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In an action under maritime law, a boat owner filed suit against his friend, who was driving the boat when it crashed into a passenger ferry. After the friend died from his injuries, his wife filed suit against the owner and GGB, which owns the ferry. The owner filed a cross-claim against GGB and a counterclaim against the wife. The Ninth Circuit affirmed the district court's grant of judgment as a matter of law to the owner. The panel applied maritime law and held that a boat owner who is a passenger on his boat has no duty to keep a lookout unless the owner-passenger knows that the person operating his boat is likely to be inattentive or careless or the owner-passenger was jointly operating the boat at the time of the accident. The panel also held that joint operation is not viewed over the course of the entire trip, but instead at the time immediately preceding and concurrent with the accident. View "Holzhauer v. Rhoades" on Justia Law

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The Supreme Court held in this wrongful death lawsuit that a landowner whose property abuts a rural intersection owes no duty to passing drivers to trim or remove trees or other vegetation on the property. The estate and heirs of a deceased driver who was involved in a fatal two-car accident at a rural intersection sued the owners of property located at one corner of the intersection, alleging that an overgrowth of trees and vegetation obstructed the view at the intersection and contributed to the accident. The district court granted summary judgment in favor of the defendants. The Supreme Court affirmed, holding that, under the circumstances, the landowners did not owe a common-law duty to passing drivers to correct a natural condition on their property that affected road visibility at the rural intersection. View "Manley v. Hallbauer" on Justia Law

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The Ninth Circuit reversed the district court's dismissal based on lack of jurisdiction of plaintiff's complaint under the Federal Tort Claims Act (FTCA). Plaintiff sought damages suffered as a result of his removal from the United States in violation of this court's temporary stay of removal. The panel held that 8 U.S.C. 1252(g) did not deprive it of jurisdiction to hear the FTCA claims of a noncitizen who was wrongfully removed in violation of a court order. Therefore, the district court erred in holding otherwise. The panel held that a decision or action to violate a court order staying removal fell outside of the statute's jurisdiction-stripping reach. Even if the panel agreed that plaintiff's claims tangentially arose from the execution of his removal order, the panel would still retain jurisdiction because the Attorney General lacked the authority, and thus the discretion, to remove him. Finally, the panel rejected the government's alternative argument that plaintiff's claims were barred by the FTCA's foreign country exception. View "Arce v. United States" on Justia Law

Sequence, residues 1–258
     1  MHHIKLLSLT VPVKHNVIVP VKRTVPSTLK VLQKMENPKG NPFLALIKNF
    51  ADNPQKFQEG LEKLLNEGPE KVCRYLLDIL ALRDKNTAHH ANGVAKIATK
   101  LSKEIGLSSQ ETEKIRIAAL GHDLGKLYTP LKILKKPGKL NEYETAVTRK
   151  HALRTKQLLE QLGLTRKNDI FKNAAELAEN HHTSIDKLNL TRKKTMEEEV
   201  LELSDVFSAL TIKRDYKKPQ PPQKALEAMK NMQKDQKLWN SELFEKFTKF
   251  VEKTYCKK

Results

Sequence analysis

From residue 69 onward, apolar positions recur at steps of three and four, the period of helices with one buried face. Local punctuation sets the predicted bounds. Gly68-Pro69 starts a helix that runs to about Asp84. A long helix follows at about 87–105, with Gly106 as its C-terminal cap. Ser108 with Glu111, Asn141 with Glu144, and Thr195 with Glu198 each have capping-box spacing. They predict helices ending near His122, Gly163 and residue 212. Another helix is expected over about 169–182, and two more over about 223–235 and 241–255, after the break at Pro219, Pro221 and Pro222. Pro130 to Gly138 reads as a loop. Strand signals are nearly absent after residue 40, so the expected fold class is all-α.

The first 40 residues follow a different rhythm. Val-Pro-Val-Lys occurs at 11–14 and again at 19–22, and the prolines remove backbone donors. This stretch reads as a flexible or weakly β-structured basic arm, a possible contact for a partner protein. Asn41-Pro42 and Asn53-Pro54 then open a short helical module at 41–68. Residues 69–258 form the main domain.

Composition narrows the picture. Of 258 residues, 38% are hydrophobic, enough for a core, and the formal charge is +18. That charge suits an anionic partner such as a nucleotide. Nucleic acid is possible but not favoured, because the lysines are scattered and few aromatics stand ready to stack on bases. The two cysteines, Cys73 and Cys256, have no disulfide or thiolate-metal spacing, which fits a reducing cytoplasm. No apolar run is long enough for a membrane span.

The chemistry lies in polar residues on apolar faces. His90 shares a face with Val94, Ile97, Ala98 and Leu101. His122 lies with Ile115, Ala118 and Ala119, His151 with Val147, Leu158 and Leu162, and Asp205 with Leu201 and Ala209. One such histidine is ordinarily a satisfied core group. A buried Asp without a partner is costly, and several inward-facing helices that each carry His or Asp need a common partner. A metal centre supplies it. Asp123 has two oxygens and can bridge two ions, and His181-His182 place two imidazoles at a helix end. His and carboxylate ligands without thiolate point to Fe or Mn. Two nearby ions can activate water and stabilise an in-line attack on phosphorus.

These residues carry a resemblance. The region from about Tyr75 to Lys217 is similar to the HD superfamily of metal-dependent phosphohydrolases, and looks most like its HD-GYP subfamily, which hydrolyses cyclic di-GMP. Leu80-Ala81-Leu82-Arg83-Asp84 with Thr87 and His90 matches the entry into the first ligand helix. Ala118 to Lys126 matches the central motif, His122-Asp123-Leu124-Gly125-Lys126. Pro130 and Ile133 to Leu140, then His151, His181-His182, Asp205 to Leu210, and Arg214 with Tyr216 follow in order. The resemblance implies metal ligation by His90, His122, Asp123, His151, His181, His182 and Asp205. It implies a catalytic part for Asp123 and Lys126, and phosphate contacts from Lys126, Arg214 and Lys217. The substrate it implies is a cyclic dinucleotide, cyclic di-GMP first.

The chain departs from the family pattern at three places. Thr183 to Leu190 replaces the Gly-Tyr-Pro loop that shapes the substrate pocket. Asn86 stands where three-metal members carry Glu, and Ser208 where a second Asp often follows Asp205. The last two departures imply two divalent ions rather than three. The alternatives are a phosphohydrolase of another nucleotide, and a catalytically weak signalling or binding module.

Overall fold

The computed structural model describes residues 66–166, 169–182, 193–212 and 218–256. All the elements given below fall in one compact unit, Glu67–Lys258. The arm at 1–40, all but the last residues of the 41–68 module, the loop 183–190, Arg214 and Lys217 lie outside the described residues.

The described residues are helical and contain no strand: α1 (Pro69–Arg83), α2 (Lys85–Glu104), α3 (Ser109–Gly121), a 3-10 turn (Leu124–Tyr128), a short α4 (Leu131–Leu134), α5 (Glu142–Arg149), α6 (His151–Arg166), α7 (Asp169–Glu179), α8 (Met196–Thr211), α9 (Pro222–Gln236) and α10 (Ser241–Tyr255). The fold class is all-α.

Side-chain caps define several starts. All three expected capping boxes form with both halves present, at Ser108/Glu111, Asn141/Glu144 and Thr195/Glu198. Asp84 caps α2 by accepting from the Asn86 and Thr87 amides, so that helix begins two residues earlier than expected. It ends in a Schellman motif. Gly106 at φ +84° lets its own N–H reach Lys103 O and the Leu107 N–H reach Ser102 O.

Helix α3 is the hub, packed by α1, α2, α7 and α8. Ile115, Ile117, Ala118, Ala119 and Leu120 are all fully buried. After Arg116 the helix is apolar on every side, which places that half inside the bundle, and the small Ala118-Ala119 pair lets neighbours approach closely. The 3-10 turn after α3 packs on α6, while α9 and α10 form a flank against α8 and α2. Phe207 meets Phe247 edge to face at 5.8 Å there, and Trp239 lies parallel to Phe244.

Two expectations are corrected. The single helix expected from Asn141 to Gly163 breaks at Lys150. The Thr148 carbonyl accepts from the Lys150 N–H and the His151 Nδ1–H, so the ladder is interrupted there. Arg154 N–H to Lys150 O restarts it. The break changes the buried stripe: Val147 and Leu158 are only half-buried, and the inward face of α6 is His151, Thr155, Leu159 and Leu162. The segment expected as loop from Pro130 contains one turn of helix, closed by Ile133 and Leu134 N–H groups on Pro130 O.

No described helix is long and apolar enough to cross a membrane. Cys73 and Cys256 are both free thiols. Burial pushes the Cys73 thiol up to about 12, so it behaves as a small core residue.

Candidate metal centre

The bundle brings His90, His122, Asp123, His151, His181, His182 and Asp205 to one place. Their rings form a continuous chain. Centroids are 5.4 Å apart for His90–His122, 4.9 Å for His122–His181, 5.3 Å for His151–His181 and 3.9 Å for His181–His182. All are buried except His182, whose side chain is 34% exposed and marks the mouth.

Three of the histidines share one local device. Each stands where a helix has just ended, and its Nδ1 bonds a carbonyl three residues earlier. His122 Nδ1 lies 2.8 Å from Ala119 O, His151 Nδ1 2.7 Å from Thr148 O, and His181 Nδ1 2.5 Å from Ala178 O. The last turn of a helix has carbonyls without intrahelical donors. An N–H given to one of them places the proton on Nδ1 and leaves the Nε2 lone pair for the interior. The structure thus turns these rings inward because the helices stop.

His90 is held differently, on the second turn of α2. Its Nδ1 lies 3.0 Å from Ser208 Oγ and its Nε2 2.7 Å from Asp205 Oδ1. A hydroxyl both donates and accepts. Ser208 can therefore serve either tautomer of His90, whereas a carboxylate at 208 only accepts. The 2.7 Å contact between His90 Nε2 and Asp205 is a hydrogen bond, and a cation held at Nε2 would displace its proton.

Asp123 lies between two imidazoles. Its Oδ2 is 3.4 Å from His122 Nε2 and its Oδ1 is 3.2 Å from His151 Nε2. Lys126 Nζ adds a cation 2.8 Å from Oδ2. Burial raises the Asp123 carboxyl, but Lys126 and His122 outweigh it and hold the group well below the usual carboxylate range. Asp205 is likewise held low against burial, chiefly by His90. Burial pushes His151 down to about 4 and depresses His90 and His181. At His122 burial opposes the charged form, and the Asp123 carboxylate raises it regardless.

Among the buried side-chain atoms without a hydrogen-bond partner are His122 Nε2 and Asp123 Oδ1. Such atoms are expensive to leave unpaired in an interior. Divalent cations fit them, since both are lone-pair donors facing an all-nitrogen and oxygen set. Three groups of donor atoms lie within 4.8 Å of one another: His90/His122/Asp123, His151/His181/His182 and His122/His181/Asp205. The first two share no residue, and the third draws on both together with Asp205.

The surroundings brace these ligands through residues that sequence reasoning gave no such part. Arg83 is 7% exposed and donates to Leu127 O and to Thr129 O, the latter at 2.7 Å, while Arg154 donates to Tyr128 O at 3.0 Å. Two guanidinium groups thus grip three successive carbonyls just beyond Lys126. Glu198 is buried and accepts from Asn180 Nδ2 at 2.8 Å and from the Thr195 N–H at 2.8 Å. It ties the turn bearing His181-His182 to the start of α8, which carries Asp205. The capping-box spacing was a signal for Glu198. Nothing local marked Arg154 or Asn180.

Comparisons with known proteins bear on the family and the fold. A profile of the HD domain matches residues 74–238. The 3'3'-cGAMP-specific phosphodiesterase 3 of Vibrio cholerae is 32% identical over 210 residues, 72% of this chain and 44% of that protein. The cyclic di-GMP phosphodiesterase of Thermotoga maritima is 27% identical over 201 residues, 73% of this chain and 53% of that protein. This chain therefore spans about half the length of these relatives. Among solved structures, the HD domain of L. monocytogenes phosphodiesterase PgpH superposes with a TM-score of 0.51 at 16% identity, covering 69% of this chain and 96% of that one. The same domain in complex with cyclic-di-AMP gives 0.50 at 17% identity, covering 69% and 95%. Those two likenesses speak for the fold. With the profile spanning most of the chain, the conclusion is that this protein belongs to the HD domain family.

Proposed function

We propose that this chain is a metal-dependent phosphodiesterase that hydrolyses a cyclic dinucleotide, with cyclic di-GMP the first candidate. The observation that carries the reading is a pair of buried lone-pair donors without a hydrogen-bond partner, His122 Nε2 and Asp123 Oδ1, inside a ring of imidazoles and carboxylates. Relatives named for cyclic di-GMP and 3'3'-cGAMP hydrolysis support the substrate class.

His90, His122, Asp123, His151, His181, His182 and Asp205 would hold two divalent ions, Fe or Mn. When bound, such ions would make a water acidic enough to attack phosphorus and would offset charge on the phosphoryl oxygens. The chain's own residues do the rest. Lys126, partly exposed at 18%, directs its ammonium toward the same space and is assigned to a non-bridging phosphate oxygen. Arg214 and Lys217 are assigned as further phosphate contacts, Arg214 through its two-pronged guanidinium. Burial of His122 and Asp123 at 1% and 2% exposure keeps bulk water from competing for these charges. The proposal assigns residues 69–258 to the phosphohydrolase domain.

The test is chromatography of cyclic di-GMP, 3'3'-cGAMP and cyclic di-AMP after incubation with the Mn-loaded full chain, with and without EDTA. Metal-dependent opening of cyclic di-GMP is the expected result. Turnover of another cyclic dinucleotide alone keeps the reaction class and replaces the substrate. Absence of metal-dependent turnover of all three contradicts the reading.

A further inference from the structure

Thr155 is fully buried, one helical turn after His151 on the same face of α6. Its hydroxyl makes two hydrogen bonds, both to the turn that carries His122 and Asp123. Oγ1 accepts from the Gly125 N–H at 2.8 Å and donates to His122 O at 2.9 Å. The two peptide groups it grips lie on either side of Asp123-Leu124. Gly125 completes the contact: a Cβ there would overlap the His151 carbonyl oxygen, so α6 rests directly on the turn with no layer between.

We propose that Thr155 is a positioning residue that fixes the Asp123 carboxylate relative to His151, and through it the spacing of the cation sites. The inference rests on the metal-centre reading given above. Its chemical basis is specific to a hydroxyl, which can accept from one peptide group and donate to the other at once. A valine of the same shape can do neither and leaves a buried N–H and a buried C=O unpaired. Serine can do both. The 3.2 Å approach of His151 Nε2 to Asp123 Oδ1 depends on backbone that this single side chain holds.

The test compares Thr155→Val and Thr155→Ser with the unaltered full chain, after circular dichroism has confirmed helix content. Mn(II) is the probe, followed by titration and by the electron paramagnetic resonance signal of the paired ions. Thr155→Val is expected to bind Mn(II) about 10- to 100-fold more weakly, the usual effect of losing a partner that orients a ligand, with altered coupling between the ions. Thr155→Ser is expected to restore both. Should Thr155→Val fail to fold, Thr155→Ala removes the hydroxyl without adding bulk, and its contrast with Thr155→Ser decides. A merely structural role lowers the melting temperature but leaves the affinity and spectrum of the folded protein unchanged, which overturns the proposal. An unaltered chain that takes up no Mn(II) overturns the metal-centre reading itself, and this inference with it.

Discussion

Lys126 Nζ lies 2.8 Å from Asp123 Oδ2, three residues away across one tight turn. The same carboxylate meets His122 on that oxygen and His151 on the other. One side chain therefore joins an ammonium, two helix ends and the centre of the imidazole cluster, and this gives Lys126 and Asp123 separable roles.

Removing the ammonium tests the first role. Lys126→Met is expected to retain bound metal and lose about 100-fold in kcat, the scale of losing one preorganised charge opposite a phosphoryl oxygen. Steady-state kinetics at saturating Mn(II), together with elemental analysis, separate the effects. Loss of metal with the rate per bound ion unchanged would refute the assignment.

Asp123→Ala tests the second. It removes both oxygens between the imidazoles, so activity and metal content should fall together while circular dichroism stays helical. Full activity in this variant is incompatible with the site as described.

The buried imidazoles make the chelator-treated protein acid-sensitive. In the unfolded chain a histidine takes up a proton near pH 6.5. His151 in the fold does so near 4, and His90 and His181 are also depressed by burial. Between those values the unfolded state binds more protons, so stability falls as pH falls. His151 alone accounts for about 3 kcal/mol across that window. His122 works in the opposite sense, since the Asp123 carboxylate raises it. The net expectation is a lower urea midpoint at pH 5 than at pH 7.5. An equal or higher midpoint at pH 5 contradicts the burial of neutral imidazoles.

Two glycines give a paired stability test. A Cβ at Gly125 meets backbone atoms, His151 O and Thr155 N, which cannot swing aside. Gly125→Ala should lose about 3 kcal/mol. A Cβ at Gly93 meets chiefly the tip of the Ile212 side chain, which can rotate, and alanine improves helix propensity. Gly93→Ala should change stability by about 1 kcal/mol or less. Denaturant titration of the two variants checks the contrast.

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The central issue in this case was whether the administrative exhaustion rule found in the Land Use Petition Act (LUPA) applies to all tort claims that arise during the land use decision-making process. In late 2009, Maytown purchased real property in Thurston County, Washington from the Port of Tacoma (Port) for the express purpose of operating a mine. The property came with an approved 20-year special use permit (permit) from Thurston County (County) for mining gravel. Maytown and the Port claimed the County's board of commissioners (Board) succumbed to political pressure from opponents to the mine and directed the County's Resource Stewardship Department to impose unnecessary procedural hurdles meant to obstruct and stall the mining operation. Because the property had been designated by the County as "mineral land of long term commercial significance," the County was obligated to balance the protection of the mineral land with the protection of critical areas. Other issues raised by this case centered on whether the evidence was sufficient to support the jury's finding of a substantive due process violation 42 U.S.C. 1983; whether an aggrieved party can recover prelitigation, administrative fora attorney fees intentionally caused by the tortfeasor under a tortious interference claim; and, whether the Court of Appeals erred in awarding a request under RAP 18.1(b) for appellate attorney fees that was not made in a separate section devoted solely to that request. The Washington Supreme Court affirmed the Court of Appeals on all but the third issue raised: the tortious interference claims pled in this case did not authorize recovery of prelitigation, administrative fora attorney fees. The Supreme Court therefore affirmed in part, and reversed in part. View "Maytown Sand & Gravel, LLC v. Thurston County" on Justia Law

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Sheila Rosenberg was invited to the home of Igor Lukashevich, her high school basketball coach. Lukashevich drank shots of vodka with Rosenberg, then shortly after leaving Lukashevich's home, Rosenberg was killed along with her boyfriend in a car accident. Michele Anderson, Rosenberg's mother sued Lukashevich's employer Soap Lake School District, but the trial court determined she failed to present sufficient evidence to support her claims. Therefore, the Washington Supreme Court concluded the trial court properly granted summary judgment to the school district. View "Anderson v. Soap Lake Sch. Dist." on Justia Law